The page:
Poisons for Pets

March 23, 2011

March is National Poison Prevention Month, and that includes pets!  You may not realize it, but your household probably has a variety of products that are hazardous to your pets.  Here is a short summary of things to look out for:

In the kitchen, be sure to keep the garbage out of your pet’s reach.  Rotting foods contain molds or bacteria that can lead to food poisoning.  But, even common foods that are fine for humans are dangerous for pets.  Some of these include coffee grounds, chocolate, macadamia nuts, avocado, grapes/raisins, onions, tea, alcohol, salt and garlic.  Artificially sweetened candies and gum may contain xylitol and these are particularly dangerous to some pets.

Any cleaning products need to be kept out of reach.  Store these in a secure cabinet and keep them in their original packaging so that you can follow label instructions if your pet should accidentally come into contact with the contents.

Insecticides and rodent poisons need to be kept well away from pets.  Some cats are very sensitive to insecticides and will twitch and drool when exposed to fumes of these products.  If you use a professional exterminator, he or she will know what products are safe for pets, but if you are going the “do it yourself” route, you need to do your research. Rat and mouse baits are “yummy” and a puppy will eat these up in a flash.  Don’t use these products around pets.  Roach baits that are housed inside the plastic dispensers aren’t very toxic to pets, but the plastic itself can really tear up a dog’s digestive tract.

Human medications are a constant source of pet poisoning.  Keep your medications in a secure cabinet and be sure to collect ALL pills from the floor if there is a spill.  One of my employees brought in one of her cats one day.  The poor thing was obviously very sick.  Blood tests suggested Tylenol exposure, but my employee swore that she never even used Tylenol, “it couldn’t be that” she said.  Well, she went home and tore up the apartment.  Under the stove she found several Tylenol tablets that must have been left there by the previous tenant.  Her cat had probably been playing with the rolling tablets and accidentally ingested one, leading to disastrous consequences.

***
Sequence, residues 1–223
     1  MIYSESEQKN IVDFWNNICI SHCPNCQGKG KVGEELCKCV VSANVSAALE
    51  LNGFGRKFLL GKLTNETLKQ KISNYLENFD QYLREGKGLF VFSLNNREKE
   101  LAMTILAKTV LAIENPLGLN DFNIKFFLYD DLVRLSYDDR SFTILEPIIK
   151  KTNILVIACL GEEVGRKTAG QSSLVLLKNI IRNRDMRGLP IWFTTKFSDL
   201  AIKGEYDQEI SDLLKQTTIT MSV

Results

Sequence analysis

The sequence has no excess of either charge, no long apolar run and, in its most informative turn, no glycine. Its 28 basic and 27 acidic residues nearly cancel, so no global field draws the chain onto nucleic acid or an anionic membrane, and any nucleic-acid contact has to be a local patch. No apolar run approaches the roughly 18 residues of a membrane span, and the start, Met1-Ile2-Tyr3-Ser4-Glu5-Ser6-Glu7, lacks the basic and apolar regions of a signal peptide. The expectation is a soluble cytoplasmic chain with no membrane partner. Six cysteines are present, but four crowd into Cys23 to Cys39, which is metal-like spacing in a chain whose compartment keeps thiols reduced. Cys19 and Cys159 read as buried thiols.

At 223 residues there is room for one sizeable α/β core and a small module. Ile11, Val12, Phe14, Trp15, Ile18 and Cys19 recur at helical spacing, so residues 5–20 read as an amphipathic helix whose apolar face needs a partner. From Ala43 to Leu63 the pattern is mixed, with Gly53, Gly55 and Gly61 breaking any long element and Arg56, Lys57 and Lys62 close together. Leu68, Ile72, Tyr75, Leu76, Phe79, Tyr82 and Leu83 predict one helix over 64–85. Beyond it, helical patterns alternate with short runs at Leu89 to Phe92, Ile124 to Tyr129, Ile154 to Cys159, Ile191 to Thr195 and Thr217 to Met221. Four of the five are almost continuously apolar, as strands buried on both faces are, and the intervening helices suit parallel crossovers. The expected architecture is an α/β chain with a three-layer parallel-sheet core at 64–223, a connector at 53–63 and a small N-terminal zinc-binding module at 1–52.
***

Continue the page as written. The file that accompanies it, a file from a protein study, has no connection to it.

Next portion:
Lots of plants can be toxic and this is a topic all in itself, but here are some common ones to look out for.  When ingested, Lilies can cause kidney problems in cats. Oleander, yew, foxglove and kalanchoe can cause heart problems in pets.  Sago palms can cause seizures and liver failure.  Azaleas, rhododendrons and tulip/narcissus bulbs can cause intestinal upset, weakness, depression and even coma.  Castor bean can cause severe intestinal problems or even seizures.  Cyclamen, amaryllis, chrysanthemums, pothos, English ivy, philodendron, corn plant, mother-in-law’s tongue, hibiscus, hydrangea, peace lily and schefflera all cause some level of stomach upset.  Rhubarb leaves and shamrock have a substance that can cause kidney failure.

One of the most dangerous substances in the garage is anti-freeze.  It tastes good to most pets and even a teaspoon can be deadly.  All car/machinery related products should be kept in their original container.  If the container is beginning to leak, it is time to dispose of the product in a safe manner.  Don’t pour it down a drain where a pet may lick up spills!

If you suspect that your pet may have been exposed to or ingested anything toxic, don’t waste any time.  Collect the product container or plant sample, establish your pet’s age and weight and then call your veterinarian or the ASPCA Poison Control Center (1-888-426-4435).  The ASPCA does charge for this service, so have a credit card handy.  Many poisonings can be treated effectively if caught early, so time is of the essence.


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